BACK IN the late 80s my son Chris and I were at the vanguard of a brave ‘family season ticket’ venture at The Dell, home of Southampton FC, ‘The Saints’.
Chris, then about seven years old, paid next to nothing (£10 for the season, if I remember) and I paid far less than I would have done anywhere else in the ground to stand (remember standing?) in the concrete monstrosity that replaced the ‘chocolate boxes’ at the Milton Road End. The only ‘catch’ was that we both had to go in together to be allowed in.
We watched Alan Shearer, Matt Le Tissier, Jimmy Case, Russell ‘Shoot’ Osman and someone who looked like a younger, slimmer Neil Ruddock run rings round the opposition…or at least that’s how I remember it.
Back in that part of Southampton for the first time in a generation I retraced our old steps to the game: along Northlands Road, past the old cricket ground (another RIP), left at Archers Road past the church, nip along behind the east stand and…there it was – gone.
Bizarrely the flats are in a large rectangle roughly the same dimensions as the pitch, but where once Terry Paine knocked it over and Ron Davies knocked it in bored teenagers smoke on tiny balconies and rusty bikes fight for space with windblown litter. I’m grateful to @ReddArrow for the aerial view above.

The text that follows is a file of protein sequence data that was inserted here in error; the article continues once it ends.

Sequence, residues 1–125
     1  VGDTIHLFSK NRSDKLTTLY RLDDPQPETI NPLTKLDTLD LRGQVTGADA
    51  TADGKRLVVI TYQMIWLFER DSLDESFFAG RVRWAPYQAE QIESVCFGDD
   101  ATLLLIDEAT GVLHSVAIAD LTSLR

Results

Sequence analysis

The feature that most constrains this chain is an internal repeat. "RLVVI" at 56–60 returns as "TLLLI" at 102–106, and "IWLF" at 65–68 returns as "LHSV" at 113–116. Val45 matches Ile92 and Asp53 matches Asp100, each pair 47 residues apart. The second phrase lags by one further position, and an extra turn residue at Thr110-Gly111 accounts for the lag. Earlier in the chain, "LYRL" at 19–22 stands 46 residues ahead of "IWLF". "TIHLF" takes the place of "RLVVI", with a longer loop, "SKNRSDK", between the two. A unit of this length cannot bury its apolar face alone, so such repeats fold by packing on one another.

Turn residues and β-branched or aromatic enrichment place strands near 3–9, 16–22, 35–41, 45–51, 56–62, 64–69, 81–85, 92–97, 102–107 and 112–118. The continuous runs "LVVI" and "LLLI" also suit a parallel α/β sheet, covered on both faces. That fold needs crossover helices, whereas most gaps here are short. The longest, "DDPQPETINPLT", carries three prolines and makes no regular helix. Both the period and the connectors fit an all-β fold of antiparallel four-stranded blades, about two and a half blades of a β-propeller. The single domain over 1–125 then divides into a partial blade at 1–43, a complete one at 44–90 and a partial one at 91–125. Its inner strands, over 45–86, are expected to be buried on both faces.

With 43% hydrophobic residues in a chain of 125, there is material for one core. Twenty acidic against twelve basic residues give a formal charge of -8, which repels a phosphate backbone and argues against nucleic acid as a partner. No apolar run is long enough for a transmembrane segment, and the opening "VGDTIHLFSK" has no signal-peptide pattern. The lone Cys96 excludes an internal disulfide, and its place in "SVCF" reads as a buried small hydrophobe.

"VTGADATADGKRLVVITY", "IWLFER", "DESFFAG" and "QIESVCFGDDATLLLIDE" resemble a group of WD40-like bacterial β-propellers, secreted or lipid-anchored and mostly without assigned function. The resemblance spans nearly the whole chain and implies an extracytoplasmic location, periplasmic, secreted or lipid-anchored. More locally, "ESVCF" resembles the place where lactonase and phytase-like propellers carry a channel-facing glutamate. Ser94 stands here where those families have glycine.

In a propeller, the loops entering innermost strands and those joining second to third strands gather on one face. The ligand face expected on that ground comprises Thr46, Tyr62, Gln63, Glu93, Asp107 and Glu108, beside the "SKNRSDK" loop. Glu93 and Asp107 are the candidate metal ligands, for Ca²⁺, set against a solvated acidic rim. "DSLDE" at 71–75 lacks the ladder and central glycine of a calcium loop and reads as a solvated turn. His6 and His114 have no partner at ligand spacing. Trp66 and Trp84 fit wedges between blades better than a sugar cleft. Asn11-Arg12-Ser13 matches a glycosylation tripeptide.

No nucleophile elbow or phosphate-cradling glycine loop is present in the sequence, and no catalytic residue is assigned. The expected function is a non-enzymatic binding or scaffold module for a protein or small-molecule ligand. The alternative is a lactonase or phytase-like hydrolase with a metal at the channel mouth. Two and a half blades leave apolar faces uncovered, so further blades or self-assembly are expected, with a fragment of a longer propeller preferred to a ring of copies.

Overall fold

Apart from homage to the greats – Stokes, Bates, Le Tissier, Bates, Channon – in the naming of the blocks there is nothing that I could see that commemorates more than a century of footballing greatness.
But thanks to my new friends on Twitter at least the mem-or-ree lingers on. One little message and this picture prompted several hundred retweets, favourites and comments including one from my hero Danny Baker. There was predictable abuse from Pompey fans, serious discussion about the merits of new grounds and more misty-eyed recollections like mine.
Back in the prehistory of January 2011 I wrote that Twitter was “the biggest revolution I’ve seen in my time in journalism”. I never cease to be amazed that this lawless, irksome, bastard child of ‘proper journalism’ continues to surprise and delight. And long may it do so.
Follow me @alangeere